Album: Björk

Medulla, ONE LITTLE INDIAN
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The Independent Culture

"Instruments are so over," claims Björk, half-humorously, when discussing Medulla, for which she has stripped away most of the instrumentation to leave her greatest asset - her voice - supported by only the occasional skeleton of programmed beats, an occasional synth drone, and a warm patina of other voices, including those of Robert Wyatt, the former Faith No More singer Mike Patton, the Inuit throat-singer Tanya Tagaq Gillis, and the Icelandic Choir that has accompanied her on live performances.

"Instruments are so over," claims Björk, half-humorously, when discussing Medulla, for which she has stripped away most of the instrumentation to leave her greatest asset - her voice - supported by only the occasional skeleton of programmed beats, an occasional synth drone, and a warm patina of other voices, including those of Robert Wyatt, the former Faith No More singer Mike Patton, the Inuit throat-singer Tanya Tagaq Gillis, and the Icelandic Choir that has accompanied her on live performances.

It's a facetious notion, but not one without some justification. The voice has always been the most personal of instruments, the furthest extension of the principle which maintains that wind instruments, because of the physical source of their sounds within the human body, are more revealing of a musician's character than those instruments whose control is entirely tactile and external. And certainly, in its greatest manifestations, there is little to compare to the visceral thrill of unaccompanied singing.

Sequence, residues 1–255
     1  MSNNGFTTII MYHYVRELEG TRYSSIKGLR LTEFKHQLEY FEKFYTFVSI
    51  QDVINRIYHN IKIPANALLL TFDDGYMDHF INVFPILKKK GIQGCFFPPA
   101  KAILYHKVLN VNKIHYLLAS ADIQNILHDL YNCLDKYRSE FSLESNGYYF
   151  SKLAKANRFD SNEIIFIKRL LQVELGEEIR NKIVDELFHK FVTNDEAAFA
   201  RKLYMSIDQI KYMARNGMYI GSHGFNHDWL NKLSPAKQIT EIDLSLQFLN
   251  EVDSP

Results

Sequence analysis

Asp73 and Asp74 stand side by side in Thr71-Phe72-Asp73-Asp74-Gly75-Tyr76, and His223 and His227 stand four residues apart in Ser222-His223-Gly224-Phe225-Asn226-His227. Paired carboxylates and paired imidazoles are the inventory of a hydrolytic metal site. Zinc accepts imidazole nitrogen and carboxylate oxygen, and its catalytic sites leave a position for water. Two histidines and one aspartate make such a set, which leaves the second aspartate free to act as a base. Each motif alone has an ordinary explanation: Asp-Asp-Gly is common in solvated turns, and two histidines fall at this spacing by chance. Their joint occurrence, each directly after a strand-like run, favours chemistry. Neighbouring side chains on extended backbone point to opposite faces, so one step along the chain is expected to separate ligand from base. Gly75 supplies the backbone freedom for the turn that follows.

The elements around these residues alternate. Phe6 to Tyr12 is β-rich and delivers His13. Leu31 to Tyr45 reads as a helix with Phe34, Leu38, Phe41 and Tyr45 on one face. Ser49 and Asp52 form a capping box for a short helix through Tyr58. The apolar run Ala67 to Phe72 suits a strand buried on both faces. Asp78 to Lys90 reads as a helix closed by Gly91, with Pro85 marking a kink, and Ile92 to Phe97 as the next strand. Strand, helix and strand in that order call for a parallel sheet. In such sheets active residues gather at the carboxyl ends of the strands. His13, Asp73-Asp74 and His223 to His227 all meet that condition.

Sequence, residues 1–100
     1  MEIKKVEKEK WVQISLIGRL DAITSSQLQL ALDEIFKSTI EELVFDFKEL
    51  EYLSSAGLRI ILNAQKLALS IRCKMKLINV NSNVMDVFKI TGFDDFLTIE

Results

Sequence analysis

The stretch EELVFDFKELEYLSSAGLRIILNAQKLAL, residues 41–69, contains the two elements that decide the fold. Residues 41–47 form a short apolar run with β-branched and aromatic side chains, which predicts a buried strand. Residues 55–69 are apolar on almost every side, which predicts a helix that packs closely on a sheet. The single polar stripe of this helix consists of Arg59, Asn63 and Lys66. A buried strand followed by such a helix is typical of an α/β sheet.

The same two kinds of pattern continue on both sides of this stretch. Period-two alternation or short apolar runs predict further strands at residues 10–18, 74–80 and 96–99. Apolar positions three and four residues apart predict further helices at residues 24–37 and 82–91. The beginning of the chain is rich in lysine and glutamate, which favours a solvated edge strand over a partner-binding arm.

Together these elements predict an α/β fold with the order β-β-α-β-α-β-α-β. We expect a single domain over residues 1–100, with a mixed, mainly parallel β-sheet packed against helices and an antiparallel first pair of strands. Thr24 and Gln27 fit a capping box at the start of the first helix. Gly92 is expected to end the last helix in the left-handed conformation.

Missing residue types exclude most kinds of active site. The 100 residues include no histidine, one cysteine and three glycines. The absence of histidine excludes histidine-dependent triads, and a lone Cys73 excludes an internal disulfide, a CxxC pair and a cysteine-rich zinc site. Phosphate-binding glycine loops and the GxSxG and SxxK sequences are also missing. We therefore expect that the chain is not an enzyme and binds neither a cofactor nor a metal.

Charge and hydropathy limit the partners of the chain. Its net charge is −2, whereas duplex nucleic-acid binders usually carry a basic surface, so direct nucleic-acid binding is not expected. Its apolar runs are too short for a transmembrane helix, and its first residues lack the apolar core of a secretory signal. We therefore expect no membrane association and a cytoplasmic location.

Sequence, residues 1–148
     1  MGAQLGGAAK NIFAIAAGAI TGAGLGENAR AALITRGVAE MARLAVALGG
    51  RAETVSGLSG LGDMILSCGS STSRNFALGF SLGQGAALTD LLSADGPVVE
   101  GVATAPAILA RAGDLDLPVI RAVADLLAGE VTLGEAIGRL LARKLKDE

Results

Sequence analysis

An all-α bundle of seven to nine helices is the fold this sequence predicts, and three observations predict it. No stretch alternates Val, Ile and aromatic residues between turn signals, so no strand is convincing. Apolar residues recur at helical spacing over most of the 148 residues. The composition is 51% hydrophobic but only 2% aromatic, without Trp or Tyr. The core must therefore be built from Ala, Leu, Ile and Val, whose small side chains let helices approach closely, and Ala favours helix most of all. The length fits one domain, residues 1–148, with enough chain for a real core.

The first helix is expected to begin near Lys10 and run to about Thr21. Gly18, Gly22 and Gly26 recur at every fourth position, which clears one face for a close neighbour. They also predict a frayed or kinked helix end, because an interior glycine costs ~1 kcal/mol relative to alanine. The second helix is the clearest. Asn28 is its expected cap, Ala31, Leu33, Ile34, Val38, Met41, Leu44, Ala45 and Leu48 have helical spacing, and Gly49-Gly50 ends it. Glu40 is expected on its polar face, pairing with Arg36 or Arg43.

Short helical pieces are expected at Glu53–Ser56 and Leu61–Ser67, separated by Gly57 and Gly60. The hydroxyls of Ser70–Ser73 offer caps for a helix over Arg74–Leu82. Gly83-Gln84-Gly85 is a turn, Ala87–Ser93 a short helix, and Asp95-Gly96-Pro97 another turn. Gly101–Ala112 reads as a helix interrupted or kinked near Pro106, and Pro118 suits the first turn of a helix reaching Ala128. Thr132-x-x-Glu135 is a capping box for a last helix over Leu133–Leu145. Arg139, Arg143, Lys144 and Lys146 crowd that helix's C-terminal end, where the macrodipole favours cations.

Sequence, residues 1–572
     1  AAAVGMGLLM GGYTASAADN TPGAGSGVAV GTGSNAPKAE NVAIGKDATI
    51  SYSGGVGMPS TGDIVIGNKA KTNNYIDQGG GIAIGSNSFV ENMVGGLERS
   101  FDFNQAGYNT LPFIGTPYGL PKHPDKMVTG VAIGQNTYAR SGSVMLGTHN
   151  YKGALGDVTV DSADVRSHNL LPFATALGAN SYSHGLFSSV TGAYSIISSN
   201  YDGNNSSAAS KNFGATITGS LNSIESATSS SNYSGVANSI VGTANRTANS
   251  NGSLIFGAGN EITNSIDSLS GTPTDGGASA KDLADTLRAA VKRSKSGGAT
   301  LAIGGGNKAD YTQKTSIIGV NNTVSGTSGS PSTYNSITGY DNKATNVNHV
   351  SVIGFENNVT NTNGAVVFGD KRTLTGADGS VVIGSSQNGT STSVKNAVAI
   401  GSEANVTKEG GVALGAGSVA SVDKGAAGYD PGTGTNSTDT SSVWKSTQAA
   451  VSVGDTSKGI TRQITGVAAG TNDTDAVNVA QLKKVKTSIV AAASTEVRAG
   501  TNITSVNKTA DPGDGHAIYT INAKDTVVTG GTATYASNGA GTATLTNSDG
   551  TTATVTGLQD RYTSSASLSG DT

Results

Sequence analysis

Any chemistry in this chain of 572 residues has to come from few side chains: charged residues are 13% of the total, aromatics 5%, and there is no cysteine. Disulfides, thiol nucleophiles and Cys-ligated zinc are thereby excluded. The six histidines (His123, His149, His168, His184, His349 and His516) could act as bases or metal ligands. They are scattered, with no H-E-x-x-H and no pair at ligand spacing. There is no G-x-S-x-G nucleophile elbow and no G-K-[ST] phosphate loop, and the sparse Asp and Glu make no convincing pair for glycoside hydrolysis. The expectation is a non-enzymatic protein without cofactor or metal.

Here, the singing is not quite that pure and unmediated, thanks to the creation of "fake" instrumentation, such as basslines and human-beatbox percussion, from vocal samples, which hobbles some tracks with a mechanistic engine that detracts from their organic flow. So although the most commercially viable pieces might be those with funky hip-hop, garage or trip-hop beats, such as "Where is the Line?", "Triumph of a Heart" and "Who Is It", the most satisfying tend to be those which either showcase her serpentine lead vocal lines, such as "Show Me Forgiveness" and "Desired Constellation", or which surround her lead vocal with the comforting, feathery susurrus of the Icelandic Choir - such as the hymn-like "Vokuvo" and "Sonnets/Unrealities XI" (the latter a setting of an e.e. cummings poem) - or Wyatt's characteristic watery drones, as on "Submarine".

Many of the lyrics deal with the desires and obligations of relationships, from the celebrations of emotional generosity in "Pleasure is all Mine" to the imposition of limits in "Where is the Line". "Triumph of a Heart" is more directly germane to the project at hand, as Björk marvels at the way "Smooth soft red velvety lungs/ Are pushing a network of oxygen joyfully/ Through a nose, through a mouth", while "Desired Constellation" offers an equally pertinent affirmation of her need to pursue her vision wherever it may lead her: "With a palm full of stars/ I throw them like dice/ Repeatedly/ Until the desired constellation appears."

Some of those constellations may be a little off the charts of more mainstream fans, being closer in attitude and ambition to the vocal experiments of contemporary classical singers such as Cathy Berberian and Joan La Barbara than they are to pop. But as with all Björk's work, they're well worth the effort expended in following their course.

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